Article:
Danielle: Yeah. I will say this as the nutritionist. I think soul health is way more important than any other health. The more you take care of whatever your soul needs whether it is deep breaths or a vacation or a mantra or a really good book by a fireside or some hot chocolate or a glass of wine or a bowl of french fries after a late night of dancing, answering those questions about what your soul needs, I think, are the most important and then once we can do that, we start to uncover, “Oh, you know what? I want to eat really well because I have this connection to myself.” The way we take care of ourselves is a reflection of our connection to ourselves so I think soul health as our first priority usually ends up being the thing that has the greatest impact because of the ripple effects.

Meagan: Yeah, it helps us find the connectivity again because sometimes we are slightly disconnected then we find our soul and we find what we need, and then we flourish through there.

Danielle: Yeah, it’s like if you don’t have that, then it’s just another to-do list. “Oh, I need to check off meditating. Oh, I need to check off getting my greens today.” That’s exhausting.

Meagan: It is exhausting. I’ve done it.

Danielle: Yeah.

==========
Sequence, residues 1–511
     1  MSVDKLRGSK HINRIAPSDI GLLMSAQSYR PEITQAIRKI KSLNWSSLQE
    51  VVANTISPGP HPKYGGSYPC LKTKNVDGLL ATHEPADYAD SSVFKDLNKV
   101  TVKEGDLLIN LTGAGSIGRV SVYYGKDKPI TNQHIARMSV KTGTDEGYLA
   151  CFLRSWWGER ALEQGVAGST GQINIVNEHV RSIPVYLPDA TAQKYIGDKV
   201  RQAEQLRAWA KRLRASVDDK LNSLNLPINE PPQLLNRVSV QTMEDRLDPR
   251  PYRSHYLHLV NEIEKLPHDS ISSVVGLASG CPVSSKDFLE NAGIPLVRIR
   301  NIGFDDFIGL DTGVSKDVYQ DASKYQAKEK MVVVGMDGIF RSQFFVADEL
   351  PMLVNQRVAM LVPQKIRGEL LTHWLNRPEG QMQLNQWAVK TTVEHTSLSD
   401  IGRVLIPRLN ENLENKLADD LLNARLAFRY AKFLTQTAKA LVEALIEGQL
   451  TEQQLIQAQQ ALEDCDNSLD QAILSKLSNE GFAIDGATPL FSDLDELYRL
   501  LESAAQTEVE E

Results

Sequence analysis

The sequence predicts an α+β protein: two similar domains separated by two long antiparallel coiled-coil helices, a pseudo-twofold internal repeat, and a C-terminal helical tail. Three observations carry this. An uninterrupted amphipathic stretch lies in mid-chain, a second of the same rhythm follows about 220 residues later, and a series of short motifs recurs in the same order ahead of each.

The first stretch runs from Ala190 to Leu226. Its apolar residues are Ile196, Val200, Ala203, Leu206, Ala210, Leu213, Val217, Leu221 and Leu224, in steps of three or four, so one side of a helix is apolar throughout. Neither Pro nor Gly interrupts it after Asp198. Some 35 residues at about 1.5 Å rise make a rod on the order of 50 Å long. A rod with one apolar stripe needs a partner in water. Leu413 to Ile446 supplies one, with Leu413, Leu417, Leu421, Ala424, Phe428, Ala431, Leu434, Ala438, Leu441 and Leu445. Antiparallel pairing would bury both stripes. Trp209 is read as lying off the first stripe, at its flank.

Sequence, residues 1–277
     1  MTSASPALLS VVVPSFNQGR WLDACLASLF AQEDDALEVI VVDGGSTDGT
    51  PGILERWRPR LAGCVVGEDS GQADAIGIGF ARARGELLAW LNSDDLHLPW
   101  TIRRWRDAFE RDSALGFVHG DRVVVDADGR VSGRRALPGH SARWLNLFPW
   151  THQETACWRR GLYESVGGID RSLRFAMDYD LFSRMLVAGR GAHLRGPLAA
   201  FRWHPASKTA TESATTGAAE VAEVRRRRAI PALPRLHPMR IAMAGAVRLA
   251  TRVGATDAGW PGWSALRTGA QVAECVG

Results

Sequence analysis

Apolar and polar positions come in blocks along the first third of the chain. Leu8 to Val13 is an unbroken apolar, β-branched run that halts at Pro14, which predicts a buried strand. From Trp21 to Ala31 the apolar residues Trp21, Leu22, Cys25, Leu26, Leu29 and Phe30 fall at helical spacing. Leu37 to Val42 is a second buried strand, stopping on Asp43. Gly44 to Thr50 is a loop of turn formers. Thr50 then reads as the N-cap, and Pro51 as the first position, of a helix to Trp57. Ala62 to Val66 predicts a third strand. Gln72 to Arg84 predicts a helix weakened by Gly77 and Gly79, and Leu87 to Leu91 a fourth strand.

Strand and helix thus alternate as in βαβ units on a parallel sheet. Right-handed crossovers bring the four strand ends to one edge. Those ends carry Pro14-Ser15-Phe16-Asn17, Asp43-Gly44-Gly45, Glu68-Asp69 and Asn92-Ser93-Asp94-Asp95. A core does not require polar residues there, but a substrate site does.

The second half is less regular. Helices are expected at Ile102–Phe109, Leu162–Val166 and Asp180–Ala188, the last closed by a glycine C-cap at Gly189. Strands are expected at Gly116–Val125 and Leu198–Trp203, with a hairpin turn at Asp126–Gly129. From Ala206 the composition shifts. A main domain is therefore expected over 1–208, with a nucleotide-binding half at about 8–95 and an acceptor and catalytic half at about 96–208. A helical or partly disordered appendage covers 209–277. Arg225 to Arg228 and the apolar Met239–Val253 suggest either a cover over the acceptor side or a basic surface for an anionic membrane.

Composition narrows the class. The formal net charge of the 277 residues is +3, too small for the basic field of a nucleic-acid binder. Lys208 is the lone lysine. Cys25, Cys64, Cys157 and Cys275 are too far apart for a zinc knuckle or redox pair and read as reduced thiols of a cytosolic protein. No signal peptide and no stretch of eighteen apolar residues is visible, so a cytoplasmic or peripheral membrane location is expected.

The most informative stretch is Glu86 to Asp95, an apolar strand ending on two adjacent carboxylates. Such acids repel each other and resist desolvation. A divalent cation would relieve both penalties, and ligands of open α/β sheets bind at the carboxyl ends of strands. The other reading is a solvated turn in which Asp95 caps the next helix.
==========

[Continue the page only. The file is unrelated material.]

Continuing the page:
Meagan: I’m guilty right here.

Danielle: We all have. We all have, then you just end up chronically stressed and you have adrenal fatigue and it’s beside the point so it’s trying to anchor people on those soul questions first.

Meagan: Absolutely. Well, I encourage everybody listening to tune into your podcast. We’re going to make sure that we have– it’s Sakara Life. Again, that’s how I say it. Is that how you say it?

Danielle: That’s right, yeah.

Meagan: Sakara Life. We are going to make sure we have that link in the show notes. Don’t forget about us here at The VBAC Link listeners. I’m just saying, don’t forget about us.

Danielle: No, you’re work is so important. Thank you.

Meagan: You’re immediately going to be hooked. There’s so much amazingness. I mean, everything on there. You guys just do such an incredible job. I’m so grateful for all that you are doing and all that you are helping, your line, and everything. We are going to have everything in the show notes so definitely go click around and go explore.